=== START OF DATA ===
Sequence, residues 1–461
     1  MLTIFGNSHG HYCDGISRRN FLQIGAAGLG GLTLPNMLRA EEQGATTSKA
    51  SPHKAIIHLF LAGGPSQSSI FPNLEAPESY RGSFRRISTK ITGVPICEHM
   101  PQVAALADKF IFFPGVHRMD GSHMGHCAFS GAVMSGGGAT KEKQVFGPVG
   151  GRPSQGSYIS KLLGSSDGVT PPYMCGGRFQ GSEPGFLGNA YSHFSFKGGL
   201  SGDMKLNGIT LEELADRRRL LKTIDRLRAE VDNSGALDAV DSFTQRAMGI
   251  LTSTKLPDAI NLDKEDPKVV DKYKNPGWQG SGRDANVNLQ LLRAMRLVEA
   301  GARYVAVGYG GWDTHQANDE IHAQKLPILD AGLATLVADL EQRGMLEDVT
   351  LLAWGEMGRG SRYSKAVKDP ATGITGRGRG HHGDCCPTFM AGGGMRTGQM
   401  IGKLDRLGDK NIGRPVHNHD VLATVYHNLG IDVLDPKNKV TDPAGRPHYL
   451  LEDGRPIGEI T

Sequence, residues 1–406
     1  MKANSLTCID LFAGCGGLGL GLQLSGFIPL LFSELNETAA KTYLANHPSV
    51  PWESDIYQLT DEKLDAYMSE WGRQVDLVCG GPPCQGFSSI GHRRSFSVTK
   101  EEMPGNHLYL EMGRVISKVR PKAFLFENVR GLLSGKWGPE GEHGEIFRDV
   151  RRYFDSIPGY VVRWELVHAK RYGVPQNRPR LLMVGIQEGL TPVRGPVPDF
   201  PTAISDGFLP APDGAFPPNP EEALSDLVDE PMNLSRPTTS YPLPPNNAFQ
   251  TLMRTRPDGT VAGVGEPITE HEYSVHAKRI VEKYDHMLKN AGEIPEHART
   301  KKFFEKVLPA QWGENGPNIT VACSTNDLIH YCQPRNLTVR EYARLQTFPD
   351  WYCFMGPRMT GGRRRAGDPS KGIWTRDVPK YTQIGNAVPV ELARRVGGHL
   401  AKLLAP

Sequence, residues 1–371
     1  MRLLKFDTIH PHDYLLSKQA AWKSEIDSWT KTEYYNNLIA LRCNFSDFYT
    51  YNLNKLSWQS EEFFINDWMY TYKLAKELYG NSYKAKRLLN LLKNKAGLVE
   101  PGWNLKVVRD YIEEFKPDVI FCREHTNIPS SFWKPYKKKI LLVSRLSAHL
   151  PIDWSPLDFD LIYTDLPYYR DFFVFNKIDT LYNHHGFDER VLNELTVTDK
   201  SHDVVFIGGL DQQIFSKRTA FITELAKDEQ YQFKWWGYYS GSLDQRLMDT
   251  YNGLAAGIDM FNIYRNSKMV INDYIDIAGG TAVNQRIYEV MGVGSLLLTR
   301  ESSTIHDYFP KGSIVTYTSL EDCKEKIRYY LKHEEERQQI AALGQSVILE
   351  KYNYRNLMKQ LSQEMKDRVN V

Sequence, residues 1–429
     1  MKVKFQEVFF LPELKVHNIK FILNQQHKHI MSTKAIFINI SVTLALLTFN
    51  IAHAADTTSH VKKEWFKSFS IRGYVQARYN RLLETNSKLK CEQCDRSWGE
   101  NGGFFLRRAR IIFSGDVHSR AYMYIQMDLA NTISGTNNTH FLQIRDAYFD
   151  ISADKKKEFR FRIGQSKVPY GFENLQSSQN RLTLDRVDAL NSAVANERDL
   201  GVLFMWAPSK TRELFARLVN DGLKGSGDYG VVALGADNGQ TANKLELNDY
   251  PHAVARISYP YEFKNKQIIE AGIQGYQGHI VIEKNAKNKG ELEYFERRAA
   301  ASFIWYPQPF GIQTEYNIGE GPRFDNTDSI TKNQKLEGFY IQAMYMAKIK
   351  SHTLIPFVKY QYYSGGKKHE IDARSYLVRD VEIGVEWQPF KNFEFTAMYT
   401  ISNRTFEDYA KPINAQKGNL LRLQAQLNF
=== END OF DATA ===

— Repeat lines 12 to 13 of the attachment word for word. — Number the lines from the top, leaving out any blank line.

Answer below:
Sequence, residues 1–406
     1  MKANSLTCID LFAGCGGLGL GLQLSGFIPL LFSELNETAA KTYLANHPSV